Q&A with Mission Capital Principal David Tobin.
April 14, 2016
Principal of Mission Capital
Commercial Observer Finance: How did you get into real estate?
Mr. Tobin: I majored in medieval and renaissance English literature, which has nothing to do with real estate. Coming out of school I spent a winter in Colorado with a buddy working in Aspen and quickly real- ized I didn’t want to be a ski bum—as much as I love skiing, it’s my passion—and I want- ed to actually make money. I had had a lit- tle carpentry and house-painting business in college and I had studied architecture as a minor that I didn’t finish, so I was very much interested in real estate. [A friend of a friend] worked at a bank called Dime Savings Bank [of Williamsburgh]. He alert- ed me to an interview opportunity and I went and I really didn’t know anything about real estate—I had taken a real estate salesperson’s class. We spent five minutes talking about real estate, but the woman in- terviewing me was a literature buff and so we spent the rest of the interview talking about Mario Vargas Llosa and Charles Bukowski and all sorts of weird literature stuff. I had three or four other rounds of in- terviews, but English literature helped me get my first job.
How has Mission Capital progressed since it was founded in 2002?
We keep expanding and growing. The team has gotten bigger and bigger. One of the interesting results of the [last] credit crisis and the sort of declining relevance of investment banks and big banking prin- cipal investments is that we get a shot at amazing talent—kids that [may have ended up] at an investment bank and stuck in a black hole of 18-hour days, with no ability to move up because [those firms] are down- sizing. We get better and better talent ei- ther coming out of college or coming out of banks who are just disillusioned with that lifestyle and that career prospect. We have an office in Newport Beach, Calif., and we’ve had kids in New York that say New York’s nice, can’t afford it, it’s too oppres- sive. We’ve had people move out there.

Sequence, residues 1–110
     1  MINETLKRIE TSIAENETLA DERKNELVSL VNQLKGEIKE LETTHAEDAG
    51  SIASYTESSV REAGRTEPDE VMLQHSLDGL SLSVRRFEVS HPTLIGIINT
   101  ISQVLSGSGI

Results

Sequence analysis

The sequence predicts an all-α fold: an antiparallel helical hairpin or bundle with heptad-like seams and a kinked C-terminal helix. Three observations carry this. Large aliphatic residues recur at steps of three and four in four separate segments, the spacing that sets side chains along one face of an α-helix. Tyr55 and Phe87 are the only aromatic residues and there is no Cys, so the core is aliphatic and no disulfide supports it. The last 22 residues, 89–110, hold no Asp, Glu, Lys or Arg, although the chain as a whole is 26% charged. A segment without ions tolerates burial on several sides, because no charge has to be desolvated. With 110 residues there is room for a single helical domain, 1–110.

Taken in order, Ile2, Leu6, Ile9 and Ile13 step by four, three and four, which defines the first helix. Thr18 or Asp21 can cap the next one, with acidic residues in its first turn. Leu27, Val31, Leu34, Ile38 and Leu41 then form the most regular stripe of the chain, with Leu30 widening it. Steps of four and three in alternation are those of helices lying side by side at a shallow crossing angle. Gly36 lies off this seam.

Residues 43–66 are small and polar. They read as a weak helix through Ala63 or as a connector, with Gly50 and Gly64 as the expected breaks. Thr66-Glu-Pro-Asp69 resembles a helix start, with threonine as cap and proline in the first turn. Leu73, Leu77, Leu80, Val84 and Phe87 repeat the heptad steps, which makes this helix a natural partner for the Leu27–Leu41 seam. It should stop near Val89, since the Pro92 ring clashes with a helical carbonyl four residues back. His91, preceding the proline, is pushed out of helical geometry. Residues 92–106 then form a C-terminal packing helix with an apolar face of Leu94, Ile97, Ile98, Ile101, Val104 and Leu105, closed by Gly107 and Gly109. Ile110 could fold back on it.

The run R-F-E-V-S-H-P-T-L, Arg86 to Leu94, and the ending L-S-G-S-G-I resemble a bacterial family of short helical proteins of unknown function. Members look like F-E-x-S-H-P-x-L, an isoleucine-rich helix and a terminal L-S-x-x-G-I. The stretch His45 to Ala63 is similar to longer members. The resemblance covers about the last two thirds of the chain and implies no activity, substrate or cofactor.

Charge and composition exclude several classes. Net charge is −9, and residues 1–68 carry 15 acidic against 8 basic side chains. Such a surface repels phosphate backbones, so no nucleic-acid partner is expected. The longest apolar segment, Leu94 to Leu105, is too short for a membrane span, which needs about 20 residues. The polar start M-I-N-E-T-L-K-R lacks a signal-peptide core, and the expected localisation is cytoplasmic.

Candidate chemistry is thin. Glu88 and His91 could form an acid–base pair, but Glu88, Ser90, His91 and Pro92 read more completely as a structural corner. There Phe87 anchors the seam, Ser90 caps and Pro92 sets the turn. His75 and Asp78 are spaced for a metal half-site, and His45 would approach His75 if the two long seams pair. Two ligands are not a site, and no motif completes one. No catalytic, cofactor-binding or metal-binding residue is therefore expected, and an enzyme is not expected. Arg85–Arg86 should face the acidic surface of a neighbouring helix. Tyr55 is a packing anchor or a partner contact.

What challenges have met you along the way?
One of the biggest issues across all of our businesses is compliance and IT security.
We were ahead of that because we have con- tracts with the government. The Federal Deposit Insurance Corporation was sort of a leader in pushing all that stuff back in 2007 and 2008. Some of our bigger clients were into it back then and now it’s everybody. To work for a bank, whether you’re selling real estate assets or loan portfolios or doing valuation or consulting, you have to have a very deep audit, dive and IT security process. At first I hated it because it was just oppressive to have to go through that stuff and change your systems and add security, but it’s become a huge issue with banking with the explosion of the inter- net and data breaches and data thefts. It keeps out everybody that can’t comply with those things. It actually has been a great way to bat- tle against larger firms and win out over small firms that haven’t made those investments.
We were growing from 2002 to 2006, we were setting up a great team as we started, and then when the credit crisis hit we were per- fectly positioned. We started getting contracts with the FDIC; we had a business of valuing assets and had a great business of selling as- sets. All during the downturn, we were in the perfect business and then in 2009 we added a debt and equity team from Ackman-Ziff— Jordan Ray and Jason Cohen—and that team is now 25 people strong around the country. They did $1.75 billion or $1.8 billion of loans—75 dif- ferent transactions—some really cool stuff like the Soho House in Chicago and the Freehand Hotel in Miami.